Brachycephalic Airway Syndrome – A Vexing Airway Problem

With the warmer and more humid weather of the summer months comes an increased incidence of heat related events like heat stroke. Patients with shorter snouts/muzzles often have more difficulty acclimating to this type of environment due to the conformation of their airway. This week I discuss the implications of this unique anatomy so you can be as prepared as possible to help your short-nosed fur baby. Happy reading!

Brachycephalic Airway Syndrome – What is it?

Dogs are a diverse species with a myriad of breeds, and each has a unique body type and features. Accordingly muzzle shapes are vastly different among breeds, but can be groups into three categories:

  • Dolichocephalic (long and thin snout)


A Collie is an example of a dolichocephalic dog breed


  • Mesocephalic (medium length snout)


A Labrador Retriever is an example of a mesocephalic dog breed


  • Brachycephalic (extremely flat snout)


A Pekingese is an example of a brachycephalic dog breed


Brachycephalic dogs are often born or acquire certain anatomic abnormalities of one or more structures in their upper respiratory tract. Cumulatively these abnormalities can lead to a partial obstruction of the airway, manifesting as difficulty breathing in air. Commonly affected breeds include:

  • English bulldogs
  • French bulldogs
  • Boston terriers
  • Pugs
  • Pekingese
  • Shih Tzus
  • Boxers

Occasionally cats like Persians and Himalayans are born with or develop the same anatomical abnormalities, but this is not nearly as common as it is in brachycephalic dogs.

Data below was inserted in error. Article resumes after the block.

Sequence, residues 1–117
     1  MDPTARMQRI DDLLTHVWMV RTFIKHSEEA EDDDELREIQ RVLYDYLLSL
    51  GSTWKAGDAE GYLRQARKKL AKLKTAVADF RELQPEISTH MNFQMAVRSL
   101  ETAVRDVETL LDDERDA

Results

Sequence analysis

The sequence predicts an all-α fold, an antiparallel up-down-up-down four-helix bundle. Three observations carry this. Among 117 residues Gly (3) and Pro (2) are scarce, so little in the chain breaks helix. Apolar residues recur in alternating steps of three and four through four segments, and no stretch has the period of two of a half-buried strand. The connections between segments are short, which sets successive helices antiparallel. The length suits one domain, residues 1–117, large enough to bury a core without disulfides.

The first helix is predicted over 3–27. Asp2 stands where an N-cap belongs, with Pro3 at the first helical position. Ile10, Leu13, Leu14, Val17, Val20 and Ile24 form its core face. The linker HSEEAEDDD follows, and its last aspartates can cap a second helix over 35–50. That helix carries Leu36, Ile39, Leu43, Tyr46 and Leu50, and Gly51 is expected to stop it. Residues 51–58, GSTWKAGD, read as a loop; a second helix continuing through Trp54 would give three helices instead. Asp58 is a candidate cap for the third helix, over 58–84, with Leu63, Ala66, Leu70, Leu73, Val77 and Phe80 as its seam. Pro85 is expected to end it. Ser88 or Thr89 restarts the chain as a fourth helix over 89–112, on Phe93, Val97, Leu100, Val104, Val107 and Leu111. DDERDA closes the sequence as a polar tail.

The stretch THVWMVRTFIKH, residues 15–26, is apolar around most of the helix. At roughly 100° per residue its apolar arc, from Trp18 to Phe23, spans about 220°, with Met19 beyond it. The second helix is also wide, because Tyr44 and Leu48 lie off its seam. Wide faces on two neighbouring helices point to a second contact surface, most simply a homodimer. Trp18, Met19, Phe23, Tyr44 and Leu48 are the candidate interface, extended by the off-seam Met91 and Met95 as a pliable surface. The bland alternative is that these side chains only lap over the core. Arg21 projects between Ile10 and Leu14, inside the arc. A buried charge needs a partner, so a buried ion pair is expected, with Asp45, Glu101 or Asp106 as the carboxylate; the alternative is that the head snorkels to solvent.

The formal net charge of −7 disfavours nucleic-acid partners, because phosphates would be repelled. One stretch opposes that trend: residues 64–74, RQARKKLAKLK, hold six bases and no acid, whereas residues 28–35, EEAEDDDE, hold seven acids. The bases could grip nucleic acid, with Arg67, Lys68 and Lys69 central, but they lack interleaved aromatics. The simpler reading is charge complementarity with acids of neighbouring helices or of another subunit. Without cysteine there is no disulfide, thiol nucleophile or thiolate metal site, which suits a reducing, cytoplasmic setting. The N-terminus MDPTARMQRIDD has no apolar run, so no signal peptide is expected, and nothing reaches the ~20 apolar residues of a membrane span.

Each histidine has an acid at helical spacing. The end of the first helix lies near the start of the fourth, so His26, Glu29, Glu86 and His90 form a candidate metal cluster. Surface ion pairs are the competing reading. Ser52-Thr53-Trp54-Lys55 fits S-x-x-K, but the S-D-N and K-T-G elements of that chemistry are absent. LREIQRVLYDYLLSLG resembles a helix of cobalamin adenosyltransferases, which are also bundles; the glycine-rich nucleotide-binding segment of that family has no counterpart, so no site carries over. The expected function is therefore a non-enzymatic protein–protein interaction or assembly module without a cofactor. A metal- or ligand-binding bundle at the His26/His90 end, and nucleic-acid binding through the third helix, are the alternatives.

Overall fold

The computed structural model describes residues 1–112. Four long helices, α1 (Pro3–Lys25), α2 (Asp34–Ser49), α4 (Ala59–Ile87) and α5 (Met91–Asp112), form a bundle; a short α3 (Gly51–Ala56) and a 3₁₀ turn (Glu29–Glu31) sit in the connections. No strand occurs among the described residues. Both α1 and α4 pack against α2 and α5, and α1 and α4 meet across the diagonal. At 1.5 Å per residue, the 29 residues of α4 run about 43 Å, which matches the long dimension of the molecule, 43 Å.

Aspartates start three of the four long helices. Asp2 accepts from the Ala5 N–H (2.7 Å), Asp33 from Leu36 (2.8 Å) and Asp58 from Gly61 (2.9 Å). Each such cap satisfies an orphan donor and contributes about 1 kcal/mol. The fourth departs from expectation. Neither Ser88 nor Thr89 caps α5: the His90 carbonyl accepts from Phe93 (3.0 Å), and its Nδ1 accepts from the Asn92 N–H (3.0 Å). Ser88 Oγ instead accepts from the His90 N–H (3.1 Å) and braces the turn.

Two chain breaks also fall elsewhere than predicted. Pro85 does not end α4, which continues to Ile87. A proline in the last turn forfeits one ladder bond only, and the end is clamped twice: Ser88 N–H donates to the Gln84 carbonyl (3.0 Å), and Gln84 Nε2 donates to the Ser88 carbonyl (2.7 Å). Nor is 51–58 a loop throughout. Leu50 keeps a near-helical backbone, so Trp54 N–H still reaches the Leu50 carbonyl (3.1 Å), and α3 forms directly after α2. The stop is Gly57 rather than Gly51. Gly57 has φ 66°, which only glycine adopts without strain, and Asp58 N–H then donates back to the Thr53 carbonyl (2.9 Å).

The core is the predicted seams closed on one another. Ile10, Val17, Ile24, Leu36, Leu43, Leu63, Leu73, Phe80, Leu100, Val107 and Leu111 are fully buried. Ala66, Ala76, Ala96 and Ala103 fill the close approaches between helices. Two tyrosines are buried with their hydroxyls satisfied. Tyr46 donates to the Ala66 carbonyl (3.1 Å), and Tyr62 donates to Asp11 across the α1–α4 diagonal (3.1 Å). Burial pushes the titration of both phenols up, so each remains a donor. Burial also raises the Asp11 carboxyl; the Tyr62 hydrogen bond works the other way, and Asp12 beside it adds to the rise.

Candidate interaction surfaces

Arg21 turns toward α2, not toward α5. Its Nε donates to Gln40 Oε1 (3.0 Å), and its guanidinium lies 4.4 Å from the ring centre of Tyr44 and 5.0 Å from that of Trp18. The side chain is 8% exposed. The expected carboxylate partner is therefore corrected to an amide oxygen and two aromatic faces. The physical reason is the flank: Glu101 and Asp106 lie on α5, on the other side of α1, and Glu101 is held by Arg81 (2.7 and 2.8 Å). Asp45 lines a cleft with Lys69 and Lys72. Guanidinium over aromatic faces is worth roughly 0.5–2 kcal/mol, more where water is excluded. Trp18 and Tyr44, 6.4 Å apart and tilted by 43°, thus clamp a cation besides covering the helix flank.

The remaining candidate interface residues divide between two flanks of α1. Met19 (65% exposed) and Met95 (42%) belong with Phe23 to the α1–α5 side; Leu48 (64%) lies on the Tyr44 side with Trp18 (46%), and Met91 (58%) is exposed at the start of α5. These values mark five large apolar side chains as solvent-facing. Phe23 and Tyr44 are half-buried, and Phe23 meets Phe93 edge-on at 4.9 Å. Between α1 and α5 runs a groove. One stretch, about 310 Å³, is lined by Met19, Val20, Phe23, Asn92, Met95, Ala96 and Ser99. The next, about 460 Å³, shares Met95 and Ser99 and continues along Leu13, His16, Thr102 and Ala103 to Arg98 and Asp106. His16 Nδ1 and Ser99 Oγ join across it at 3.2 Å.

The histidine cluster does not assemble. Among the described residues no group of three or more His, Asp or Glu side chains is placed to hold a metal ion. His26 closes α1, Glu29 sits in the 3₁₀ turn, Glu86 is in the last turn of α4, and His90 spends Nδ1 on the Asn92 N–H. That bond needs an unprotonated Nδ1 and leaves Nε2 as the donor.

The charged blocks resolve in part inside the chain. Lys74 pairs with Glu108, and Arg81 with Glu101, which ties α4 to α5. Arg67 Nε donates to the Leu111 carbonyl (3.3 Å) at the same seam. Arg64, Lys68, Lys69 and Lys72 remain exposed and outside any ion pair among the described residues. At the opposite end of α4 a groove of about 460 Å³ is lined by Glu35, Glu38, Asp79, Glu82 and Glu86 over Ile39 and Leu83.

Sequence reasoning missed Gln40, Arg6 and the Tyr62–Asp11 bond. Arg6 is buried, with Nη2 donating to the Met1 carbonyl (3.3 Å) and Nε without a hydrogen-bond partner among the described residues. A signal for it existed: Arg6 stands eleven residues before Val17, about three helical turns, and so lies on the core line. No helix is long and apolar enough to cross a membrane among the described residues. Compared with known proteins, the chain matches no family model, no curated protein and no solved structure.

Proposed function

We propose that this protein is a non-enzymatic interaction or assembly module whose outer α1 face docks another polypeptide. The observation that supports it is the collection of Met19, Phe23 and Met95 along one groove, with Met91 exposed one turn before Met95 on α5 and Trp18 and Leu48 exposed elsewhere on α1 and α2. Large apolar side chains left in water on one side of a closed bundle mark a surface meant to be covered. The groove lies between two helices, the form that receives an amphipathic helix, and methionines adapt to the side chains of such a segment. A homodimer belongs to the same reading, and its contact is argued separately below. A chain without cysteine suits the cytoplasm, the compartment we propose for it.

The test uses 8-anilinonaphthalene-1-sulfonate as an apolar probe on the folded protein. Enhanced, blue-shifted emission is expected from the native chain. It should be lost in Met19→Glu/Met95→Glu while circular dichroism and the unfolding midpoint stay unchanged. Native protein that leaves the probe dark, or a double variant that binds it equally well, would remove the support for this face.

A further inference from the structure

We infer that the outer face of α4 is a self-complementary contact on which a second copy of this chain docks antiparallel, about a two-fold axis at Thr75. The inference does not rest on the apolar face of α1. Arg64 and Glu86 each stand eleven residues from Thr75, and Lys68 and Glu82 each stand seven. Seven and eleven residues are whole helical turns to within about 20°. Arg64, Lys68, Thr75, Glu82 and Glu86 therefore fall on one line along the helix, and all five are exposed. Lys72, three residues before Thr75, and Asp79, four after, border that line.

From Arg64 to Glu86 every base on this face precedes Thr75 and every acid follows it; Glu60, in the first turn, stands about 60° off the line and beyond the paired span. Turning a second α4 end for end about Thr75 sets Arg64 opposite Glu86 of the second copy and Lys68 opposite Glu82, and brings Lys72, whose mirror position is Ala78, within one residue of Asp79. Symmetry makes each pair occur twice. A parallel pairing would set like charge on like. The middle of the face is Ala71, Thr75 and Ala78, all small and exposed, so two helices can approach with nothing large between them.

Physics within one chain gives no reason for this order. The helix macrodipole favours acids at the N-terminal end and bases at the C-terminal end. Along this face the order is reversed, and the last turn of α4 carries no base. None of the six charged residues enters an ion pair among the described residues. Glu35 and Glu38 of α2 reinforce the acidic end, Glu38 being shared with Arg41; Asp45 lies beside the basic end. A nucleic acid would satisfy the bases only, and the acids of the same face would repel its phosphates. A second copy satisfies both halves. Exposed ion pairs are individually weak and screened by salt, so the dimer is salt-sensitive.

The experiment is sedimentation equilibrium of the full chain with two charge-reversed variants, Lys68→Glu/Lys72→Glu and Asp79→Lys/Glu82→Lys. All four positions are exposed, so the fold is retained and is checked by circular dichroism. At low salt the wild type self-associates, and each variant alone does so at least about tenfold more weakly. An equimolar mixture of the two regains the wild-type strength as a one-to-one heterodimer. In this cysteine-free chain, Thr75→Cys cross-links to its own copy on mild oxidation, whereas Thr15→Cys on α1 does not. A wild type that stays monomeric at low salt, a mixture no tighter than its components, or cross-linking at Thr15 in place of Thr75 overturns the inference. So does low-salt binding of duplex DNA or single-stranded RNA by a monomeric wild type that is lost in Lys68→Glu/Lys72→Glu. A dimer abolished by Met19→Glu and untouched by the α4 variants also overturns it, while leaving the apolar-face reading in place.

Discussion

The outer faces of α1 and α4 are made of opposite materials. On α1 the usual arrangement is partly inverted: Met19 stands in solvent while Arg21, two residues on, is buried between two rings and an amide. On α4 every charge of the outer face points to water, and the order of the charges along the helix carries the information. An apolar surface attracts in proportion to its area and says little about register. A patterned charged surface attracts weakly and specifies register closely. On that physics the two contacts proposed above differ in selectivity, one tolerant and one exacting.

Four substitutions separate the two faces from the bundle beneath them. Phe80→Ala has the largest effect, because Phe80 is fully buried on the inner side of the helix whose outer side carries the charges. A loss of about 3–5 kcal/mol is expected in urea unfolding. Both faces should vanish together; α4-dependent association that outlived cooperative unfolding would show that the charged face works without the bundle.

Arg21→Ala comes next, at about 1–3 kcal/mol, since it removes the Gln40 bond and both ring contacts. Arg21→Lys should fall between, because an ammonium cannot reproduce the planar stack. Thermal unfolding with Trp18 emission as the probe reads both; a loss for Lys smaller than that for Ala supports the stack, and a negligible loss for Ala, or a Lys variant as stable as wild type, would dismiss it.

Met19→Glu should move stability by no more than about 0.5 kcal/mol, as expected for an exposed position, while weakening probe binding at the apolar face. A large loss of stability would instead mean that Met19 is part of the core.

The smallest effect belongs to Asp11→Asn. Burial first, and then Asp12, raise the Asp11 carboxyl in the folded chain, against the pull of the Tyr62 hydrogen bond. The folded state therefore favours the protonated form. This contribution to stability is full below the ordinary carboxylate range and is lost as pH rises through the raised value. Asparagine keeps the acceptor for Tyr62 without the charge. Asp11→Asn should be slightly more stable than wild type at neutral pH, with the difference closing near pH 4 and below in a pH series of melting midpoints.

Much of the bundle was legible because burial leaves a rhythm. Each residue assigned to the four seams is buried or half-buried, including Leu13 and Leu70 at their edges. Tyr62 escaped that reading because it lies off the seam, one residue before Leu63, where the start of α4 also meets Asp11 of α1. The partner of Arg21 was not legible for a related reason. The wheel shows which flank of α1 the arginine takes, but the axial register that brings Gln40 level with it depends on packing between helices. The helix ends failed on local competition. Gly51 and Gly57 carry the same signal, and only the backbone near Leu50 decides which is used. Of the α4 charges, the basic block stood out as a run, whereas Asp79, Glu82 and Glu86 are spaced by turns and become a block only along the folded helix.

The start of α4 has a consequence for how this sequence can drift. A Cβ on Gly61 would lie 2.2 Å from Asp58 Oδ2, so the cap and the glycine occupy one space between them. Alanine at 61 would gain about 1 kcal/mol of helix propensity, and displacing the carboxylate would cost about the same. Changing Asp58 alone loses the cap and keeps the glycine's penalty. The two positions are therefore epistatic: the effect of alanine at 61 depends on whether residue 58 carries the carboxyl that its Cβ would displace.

A Persian is a cat breed that may have brachycephalic airway syndrome


The classic anatomic abnormalities of brachycephalic airway syndrome are:

  • Narrow nostrils (called stenotic nares)


Narrow nostrils, called stenotic nares, in a dog with brachycephalic airway syndrome


  • An elongated soft palate – below is a video a dog with brachycephalic airway syndrome; note the characteristic airway noise this patient makes due to his soft palate being longer than normal


  • An underdeveloped narrow trachea (called a hypoplastic trachea)

These airway deformities create a uniquely abnormal airway and cause air turbulence in the respiratory tract. Pressure increases, and inflammation rapidly sets in, culminating in some other airway anatomy changes, including:

  • Prolapse of small structures in the voice box (called everted laryngeal saccules)


Inside the circle one can see everted laryngeal saccules in a dog with brachycephalic airway syndrome


  • Swelling of tissue in the back of the throat
  • Collapse of the voice box (called laryngeal collapse)

Brachycephalic Airway Syndrome – What are the clinical signs?

Dogs living with brachycephalic airway syndrome have increased noises from the nose and throat, particularly during inspiration. Most gag and/or cough, and many even vomit or retch after coughing (called post-tussive retching). Many of these dogs snore and have increased noises from their airways even when relaxed. With excitement, elevated ambient temperatures, and/or high humidity, many affected patients develop profound difficulty breathing; their gums turn blue (called cyanosis), develop high body temperatures (heat stroke), can collapse, and may even die.